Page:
Why It Works
- Mango pits and peels contain enough water to dissolve up to half their weight in sugar, imparting a strong flavor and vivid color without any added juice, flavoring, or dye.
- A citrus rind helps balance the creamy sweetness of the mango syrup.
- Nonreactive equipment keeps the syrup's flavor clean and fresh.
One of the best things about working for Serious Eats is the chance to chat with other bakers on Twitter; folks who have the time and curiosity to tinker with my recipes and share their results. Sometimes these interactions illustrate the risks of cavalier substitution, but just as often they prove how imaginatively recipes can adapt and grow once they're released into the wild.
Take my fresh lemon syrup, for example. In the original recipe, I use sugar and a little patience to extract residual lemon juice and essential oils from lemon carcasses (the empty husk leftover from juicing a lemon, with or without zest) to make a no-cook syrup without any added water. This keeps the lemon's flavor bright, clean, and concentrated. It works just as well with limes, oranges, and grapefruit, but as one fruit-loving reader pointed out, the same technique can also be applied to mango pits.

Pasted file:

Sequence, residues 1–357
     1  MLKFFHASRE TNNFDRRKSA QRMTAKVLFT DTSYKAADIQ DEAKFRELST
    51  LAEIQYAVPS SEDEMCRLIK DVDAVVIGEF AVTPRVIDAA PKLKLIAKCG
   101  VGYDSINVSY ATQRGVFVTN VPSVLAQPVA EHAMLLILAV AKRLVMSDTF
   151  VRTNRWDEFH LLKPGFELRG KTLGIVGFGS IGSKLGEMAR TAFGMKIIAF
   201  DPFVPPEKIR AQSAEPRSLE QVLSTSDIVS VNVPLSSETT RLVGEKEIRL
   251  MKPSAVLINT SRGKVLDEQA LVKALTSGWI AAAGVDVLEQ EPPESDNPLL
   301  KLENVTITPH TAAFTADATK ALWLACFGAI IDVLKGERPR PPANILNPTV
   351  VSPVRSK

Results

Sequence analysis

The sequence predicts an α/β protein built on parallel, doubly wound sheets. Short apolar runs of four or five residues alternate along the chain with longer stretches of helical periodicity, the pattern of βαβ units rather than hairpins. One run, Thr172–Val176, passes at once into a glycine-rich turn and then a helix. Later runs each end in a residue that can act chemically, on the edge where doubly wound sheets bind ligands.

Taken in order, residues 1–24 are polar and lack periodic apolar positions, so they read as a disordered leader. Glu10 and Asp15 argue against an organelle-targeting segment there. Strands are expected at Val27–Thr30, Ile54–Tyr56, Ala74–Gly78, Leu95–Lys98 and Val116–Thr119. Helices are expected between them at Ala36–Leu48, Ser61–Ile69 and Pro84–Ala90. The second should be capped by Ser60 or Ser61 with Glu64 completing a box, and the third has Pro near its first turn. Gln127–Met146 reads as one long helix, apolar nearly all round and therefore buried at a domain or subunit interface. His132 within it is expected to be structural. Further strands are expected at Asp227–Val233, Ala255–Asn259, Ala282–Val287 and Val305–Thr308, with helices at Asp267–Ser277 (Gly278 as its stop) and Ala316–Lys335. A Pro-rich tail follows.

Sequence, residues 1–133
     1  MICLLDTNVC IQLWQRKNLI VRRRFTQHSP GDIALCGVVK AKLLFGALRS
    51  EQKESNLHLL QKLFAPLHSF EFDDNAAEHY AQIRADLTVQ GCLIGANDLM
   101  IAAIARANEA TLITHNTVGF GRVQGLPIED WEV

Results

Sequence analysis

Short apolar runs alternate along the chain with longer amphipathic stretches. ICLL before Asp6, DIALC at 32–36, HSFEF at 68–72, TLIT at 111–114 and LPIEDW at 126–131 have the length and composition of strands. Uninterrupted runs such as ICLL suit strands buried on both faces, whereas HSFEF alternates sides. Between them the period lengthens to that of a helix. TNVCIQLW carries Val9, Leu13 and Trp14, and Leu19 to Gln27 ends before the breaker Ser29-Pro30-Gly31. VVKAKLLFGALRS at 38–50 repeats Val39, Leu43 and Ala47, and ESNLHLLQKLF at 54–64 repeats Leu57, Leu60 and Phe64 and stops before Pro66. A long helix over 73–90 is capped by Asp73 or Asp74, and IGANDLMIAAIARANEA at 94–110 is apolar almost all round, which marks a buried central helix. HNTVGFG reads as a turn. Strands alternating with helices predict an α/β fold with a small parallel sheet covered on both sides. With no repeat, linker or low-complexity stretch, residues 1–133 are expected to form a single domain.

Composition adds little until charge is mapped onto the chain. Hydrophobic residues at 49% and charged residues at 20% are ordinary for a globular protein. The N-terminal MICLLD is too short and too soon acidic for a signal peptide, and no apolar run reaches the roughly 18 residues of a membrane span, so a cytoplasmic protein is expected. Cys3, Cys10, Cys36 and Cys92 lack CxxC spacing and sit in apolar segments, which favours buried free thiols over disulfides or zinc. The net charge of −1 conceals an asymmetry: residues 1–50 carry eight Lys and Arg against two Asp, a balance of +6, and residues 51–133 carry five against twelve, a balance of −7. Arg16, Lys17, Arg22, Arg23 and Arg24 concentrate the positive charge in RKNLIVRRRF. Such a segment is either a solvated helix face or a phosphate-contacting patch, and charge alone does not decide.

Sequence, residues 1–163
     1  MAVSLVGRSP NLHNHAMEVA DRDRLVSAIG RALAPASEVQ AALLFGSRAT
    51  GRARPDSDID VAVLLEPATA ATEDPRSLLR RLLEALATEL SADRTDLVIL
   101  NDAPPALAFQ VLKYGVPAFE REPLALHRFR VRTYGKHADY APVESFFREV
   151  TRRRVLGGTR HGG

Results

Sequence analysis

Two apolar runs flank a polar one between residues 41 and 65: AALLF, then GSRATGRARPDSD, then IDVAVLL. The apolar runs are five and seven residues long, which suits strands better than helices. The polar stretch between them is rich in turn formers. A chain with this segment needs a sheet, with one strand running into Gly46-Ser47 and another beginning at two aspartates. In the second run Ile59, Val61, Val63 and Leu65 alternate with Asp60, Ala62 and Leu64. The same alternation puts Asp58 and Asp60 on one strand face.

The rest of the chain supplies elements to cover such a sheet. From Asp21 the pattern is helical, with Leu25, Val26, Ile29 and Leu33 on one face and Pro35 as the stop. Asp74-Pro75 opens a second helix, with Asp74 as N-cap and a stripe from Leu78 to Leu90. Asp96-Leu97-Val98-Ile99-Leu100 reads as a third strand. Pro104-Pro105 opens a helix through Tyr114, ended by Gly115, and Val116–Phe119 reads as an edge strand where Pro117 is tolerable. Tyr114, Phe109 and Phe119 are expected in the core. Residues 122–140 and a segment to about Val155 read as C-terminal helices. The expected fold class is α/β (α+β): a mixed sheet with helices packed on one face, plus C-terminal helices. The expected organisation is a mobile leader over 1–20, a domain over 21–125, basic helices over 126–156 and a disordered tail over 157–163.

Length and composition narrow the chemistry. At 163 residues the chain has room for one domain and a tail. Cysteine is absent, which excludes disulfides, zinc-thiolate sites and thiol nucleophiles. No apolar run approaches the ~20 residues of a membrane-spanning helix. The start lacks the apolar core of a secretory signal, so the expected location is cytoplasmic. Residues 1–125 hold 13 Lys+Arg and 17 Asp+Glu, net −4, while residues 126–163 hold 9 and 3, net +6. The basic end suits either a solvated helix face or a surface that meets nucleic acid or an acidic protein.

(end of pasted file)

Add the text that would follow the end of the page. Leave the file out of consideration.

It seems obvious in retrospect: mango pits (and peels, for that matter) are a "waste" product loaded with moisture, but I'd never considered handling them the same way as I do citrus fruits. So when mango season rolled around, that idea shot to the top of my to-do list. My first attempt with mango pits was a fantastic proof of concept, producing a syrup so thick and mellow it bordered on creamy. Round two saw it much improved thanks to the inclusion of mango skins and their piney aroma. Subsequent rounds were all about playing with the inclusion of leftover citrus rinds in varying amounts to help cut through the mango's natural sweetness.
Ultimately, I found that for every pound of assorted mango pits and peels, I needed a quartered lemon or lime carcass along with a half-pound of sugar. I like plain white sugar to create a more neutral syrup, but palm sugar would be a natural choice for those inclined to bring some smoky complexity to the mix. With those ingredients all sussed out, the method is simple.